Negative Ions for Health

Did You Know…that negative ions can help improve your mood and overall health?

Natural, pristine, unpolluted environments—rivers, lakes, mountains, and beaches—are infused with invisible, health-giving molecules called negative ions.

Experts believe these negative ions travel to your bloodstream, where they induce biochemical reactions that can beneficially impact mood, help alleviate depression and stress, and keep you energized throughout the day.

Negative vs. Positive Ions 

Positive ions have more protons than electrons, and negative ions have more electrons than proteins.  Positive ions are abundant in environments with high wind, significant pollution, and humidity.  They are typically carbon dioxide molecules that have been robbed of an electron.  Environments rich in positive ions, such as heavily populated cities, can greatly contribute to fatigue, anxiety, and moodiness.

Master Your Moods 

Research shows that exposure to high-density negative air ions can help reduce the symptoms of Seasonal Affective Disorder (SAD) and non-seasonal chronic depression.

A study made up of 99 adults and published in the American Journal of Psychiatry showed that a negative ion generator was just as effective as bright light therapy at improving SAD.

  • Patients improved 42.7% when exposed to high-density negative ions
  • Patients improved 22.7% when exposed to low-density negative ions

     The authors wrote: “Naturalistic dawn simulation and high-density ionization are active antidepressants that do not require the effort of postawakening bright light therapy.  They can be considered candidate alternatives to bright light or medication.”

Psychological Medicine published a study showing how patients with Major Depressive Disorder improved 51.1% when exposed to high-density negative air ions.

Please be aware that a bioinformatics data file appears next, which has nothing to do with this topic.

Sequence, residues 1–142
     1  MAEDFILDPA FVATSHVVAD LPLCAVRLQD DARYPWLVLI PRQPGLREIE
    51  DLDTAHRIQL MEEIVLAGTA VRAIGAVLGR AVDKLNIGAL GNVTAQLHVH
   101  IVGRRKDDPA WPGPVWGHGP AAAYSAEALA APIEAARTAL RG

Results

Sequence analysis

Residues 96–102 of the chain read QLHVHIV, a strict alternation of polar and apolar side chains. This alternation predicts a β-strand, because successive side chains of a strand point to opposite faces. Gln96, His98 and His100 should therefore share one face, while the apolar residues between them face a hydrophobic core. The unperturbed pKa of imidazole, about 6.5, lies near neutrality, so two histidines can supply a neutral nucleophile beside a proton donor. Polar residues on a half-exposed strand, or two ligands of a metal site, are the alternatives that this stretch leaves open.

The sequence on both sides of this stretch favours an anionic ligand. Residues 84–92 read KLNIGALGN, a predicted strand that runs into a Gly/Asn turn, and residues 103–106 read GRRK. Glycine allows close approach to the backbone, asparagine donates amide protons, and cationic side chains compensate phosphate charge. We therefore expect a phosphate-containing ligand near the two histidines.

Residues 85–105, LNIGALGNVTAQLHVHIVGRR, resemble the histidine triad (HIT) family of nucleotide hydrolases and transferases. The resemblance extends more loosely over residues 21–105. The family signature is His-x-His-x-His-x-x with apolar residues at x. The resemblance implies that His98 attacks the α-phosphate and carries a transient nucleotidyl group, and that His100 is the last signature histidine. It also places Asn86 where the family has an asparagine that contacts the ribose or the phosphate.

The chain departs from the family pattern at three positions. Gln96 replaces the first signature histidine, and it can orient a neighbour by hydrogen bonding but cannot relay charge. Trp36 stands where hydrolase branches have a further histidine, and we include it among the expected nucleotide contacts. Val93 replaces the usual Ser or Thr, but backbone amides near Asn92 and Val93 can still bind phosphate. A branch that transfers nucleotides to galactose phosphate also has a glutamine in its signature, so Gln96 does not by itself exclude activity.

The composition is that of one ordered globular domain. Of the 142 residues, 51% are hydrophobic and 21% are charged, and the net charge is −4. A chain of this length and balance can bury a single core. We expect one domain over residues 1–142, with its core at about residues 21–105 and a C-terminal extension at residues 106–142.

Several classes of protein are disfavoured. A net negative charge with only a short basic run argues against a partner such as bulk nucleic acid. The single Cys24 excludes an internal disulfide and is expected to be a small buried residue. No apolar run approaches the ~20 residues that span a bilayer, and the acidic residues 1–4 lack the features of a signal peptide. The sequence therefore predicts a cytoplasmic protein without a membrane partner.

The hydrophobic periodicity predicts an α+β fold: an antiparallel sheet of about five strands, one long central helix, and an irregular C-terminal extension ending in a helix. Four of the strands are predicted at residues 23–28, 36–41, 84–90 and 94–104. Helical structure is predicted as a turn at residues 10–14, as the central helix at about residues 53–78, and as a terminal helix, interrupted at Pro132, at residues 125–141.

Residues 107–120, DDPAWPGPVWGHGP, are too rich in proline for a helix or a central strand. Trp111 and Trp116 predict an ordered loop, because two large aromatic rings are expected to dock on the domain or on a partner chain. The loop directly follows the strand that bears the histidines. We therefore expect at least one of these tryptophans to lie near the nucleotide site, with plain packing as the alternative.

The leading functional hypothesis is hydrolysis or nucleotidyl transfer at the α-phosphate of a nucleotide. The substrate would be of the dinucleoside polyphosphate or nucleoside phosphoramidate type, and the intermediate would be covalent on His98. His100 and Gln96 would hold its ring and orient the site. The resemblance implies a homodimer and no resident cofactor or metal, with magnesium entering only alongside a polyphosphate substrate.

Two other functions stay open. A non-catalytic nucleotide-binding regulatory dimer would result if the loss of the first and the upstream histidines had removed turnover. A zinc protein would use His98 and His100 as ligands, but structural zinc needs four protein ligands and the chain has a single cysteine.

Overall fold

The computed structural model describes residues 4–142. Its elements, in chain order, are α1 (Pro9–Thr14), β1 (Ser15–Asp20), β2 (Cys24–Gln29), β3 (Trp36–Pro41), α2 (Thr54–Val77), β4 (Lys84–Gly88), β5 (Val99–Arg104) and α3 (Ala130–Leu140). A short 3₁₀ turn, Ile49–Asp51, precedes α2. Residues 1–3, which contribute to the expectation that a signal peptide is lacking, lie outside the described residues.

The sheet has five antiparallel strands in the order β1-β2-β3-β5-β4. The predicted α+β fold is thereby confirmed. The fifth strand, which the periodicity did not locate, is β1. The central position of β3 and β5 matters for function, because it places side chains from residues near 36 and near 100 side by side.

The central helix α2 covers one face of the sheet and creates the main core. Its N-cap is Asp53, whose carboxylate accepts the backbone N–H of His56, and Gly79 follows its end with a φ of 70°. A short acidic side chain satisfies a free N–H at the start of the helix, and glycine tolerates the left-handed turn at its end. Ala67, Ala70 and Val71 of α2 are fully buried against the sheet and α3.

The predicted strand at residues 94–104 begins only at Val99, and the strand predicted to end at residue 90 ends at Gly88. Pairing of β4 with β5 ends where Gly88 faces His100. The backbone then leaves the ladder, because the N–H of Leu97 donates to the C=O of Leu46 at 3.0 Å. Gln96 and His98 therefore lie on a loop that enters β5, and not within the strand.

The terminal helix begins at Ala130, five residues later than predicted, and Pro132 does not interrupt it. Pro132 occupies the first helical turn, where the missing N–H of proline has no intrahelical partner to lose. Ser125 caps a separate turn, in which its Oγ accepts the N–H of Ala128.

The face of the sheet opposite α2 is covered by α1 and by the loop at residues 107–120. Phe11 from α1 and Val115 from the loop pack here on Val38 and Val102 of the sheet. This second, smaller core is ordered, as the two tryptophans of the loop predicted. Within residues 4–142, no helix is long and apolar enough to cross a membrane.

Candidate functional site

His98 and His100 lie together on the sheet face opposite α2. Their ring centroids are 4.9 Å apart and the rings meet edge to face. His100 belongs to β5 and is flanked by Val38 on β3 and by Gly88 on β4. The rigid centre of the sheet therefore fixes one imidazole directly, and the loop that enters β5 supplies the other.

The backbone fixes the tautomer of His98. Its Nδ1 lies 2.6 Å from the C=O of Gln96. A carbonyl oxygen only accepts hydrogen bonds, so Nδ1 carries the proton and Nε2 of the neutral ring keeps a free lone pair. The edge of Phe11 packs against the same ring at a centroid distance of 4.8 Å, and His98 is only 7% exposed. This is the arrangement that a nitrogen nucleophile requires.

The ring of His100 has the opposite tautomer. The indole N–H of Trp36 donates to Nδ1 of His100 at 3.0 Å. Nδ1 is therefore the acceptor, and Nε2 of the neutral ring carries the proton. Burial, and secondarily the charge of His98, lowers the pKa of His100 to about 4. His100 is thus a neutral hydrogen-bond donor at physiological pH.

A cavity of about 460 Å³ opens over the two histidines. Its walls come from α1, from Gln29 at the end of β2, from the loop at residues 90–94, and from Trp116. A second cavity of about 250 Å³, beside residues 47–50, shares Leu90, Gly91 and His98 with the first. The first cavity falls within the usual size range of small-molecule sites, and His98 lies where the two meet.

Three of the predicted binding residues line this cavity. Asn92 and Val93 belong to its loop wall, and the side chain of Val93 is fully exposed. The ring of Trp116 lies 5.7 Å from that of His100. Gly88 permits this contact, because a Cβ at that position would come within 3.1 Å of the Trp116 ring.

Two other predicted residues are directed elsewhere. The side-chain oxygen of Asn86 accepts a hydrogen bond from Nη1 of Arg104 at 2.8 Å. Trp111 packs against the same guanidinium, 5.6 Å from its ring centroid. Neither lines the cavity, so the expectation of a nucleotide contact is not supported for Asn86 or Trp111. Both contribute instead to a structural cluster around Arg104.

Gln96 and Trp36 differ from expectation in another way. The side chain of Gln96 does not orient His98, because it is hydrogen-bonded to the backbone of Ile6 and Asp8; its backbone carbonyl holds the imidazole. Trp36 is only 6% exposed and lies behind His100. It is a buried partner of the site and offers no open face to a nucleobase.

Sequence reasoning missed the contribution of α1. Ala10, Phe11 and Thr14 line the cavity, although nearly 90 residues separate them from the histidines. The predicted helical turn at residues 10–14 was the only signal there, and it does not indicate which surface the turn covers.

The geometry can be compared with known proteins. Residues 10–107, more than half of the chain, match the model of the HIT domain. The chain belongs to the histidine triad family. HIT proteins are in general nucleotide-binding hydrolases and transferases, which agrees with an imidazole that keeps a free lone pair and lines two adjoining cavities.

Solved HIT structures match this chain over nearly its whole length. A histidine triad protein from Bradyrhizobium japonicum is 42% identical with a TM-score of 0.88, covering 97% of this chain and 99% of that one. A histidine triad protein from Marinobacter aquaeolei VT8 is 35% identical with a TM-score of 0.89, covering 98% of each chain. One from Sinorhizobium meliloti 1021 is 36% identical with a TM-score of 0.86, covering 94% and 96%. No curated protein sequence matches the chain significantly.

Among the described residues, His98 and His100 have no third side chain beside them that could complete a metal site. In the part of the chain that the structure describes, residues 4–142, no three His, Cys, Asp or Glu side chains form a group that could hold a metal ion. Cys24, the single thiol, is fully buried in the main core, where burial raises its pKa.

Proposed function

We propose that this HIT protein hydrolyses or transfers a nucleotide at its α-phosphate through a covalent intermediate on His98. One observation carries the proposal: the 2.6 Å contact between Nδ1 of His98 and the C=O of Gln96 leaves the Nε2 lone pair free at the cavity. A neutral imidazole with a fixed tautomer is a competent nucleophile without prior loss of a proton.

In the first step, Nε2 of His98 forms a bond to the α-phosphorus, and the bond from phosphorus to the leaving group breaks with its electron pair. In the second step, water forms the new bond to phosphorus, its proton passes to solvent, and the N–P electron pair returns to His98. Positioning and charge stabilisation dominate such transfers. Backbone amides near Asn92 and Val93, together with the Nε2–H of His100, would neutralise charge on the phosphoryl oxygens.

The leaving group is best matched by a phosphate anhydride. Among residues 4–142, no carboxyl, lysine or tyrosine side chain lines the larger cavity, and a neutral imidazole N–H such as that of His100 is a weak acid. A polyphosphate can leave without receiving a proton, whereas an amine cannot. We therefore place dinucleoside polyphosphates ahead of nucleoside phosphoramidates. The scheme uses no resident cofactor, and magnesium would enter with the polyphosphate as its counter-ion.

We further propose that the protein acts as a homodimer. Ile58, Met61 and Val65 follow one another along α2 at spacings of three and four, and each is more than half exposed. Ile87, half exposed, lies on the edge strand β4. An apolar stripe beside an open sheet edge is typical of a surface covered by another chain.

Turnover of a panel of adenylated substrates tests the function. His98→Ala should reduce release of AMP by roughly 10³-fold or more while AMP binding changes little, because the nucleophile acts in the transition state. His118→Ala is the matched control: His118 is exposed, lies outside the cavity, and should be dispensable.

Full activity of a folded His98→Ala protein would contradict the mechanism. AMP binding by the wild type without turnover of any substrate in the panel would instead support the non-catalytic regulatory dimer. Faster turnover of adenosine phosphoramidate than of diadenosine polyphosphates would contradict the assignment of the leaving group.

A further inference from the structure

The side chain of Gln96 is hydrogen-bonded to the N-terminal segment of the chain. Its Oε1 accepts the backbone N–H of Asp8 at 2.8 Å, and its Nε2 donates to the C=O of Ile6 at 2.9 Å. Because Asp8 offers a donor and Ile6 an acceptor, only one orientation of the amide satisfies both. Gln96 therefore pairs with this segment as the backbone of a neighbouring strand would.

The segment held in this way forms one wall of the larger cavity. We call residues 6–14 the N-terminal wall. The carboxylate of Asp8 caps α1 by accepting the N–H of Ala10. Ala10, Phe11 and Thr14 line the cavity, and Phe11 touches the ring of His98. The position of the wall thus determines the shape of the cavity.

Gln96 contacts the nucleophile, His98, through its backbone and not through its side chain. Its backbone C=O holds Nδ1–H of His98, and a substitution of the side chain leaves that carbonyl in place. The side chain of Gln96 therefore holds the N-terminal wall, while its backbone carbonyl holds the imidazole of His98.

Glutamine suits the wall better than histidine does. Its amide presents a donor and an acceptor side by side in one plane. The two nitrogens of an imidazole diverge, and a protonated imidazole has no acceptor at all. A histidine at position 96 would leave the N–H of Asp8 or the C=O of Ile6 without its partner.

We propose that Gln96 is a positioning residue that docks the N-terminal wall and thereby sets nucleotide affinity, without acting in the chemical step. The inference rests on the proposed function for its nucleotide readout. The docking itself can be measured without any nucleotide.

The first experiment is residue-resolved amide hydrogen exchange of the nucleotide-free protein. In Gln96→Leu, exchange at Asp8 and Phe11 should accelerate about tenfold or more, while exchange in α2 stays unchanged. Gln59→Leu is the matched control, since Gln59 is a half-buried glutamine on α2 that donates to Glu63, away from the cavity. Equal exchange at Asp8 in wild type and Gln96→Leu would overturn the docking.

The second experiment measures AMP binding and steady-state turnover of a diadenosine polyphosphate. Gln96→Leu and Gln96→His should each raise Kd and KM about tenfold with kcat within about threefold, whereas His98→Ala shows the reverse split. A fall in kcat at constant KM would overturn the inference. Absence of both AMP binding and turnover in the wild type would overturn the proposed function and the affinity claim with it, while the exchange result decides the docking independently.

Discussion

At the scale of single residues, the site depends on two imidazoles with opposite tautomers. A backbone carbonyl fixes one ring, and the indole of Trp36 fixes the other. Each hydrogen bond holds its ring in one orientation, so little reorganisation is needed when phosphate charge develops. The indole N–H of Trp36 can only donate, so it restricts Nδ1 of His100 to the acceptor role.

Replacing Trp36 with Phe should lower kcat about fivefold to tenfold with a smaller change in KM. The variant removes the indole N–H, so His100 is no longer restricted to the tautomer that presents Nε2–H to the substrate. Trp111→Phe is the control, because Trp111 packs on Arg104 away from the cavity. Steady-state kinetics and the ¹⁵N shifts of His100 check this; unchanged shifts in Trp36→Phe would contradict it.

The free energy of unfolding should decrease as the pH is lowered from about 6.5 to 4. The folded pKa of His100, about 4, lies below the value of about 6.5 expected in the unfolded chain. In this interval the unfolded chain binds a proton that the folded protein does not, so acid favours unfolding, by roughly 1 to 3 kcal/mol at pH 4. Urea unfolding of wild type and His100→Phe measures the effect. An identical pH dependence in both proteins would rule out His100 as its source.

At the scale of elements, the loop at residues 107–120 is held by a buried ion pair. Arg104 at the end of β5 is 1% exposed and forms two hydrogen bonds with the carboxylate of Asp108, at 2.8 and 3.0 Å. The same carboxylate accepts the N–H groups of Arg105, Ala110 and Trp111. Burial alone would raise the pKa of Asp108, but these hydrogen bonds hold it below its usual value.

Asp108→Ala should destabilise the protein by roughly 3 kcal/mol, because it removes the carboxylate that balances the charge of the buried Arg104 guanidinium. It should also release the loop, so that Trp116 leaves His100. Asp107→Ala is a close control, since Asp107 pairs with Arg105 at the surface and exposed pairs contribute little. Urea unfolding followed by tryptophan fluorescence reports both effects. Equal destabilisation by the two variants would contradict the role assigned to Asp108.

According to the International Journal of Psychophysiology, the salivary responses of volunteers participating in a 40-minute word processing task on the computer exhibited a decrease in salivary chromogranin A-like immunoreactivity, which is a marker of stress and anxiety, when exposed to negative ions. 

Protect Your Lungs 

Tiny organelles called cilia line our tracheas (windpipes) and keep airborne particles from reaching our lungs.  However, if cilia activity is suppressed, then foreign particles make it into our lungs rather than being discharged through saliva and mucus.  University of Berkeley researchers found that negative ion exposure boosted cilia activity in the tracheas of humans and monkeys, while positive ion exposure inhibited cilia activity.

How to Increase Negative Ion Exposure 

Your best source of negative ions is nature—whether swimming at the beach, hiking in the mountains, or picnicking by a river or lake.  Many spas are infused with negative ions, as well. You can even increase your exposure by taking a shower!

If you have a backyard, cultivate a negative ion-generating garden with a fountain and oxygen-producing plant life.  As for your home and office, it never hurts to invest in a negative ion generator to help purify the air and add in some extra negative ions.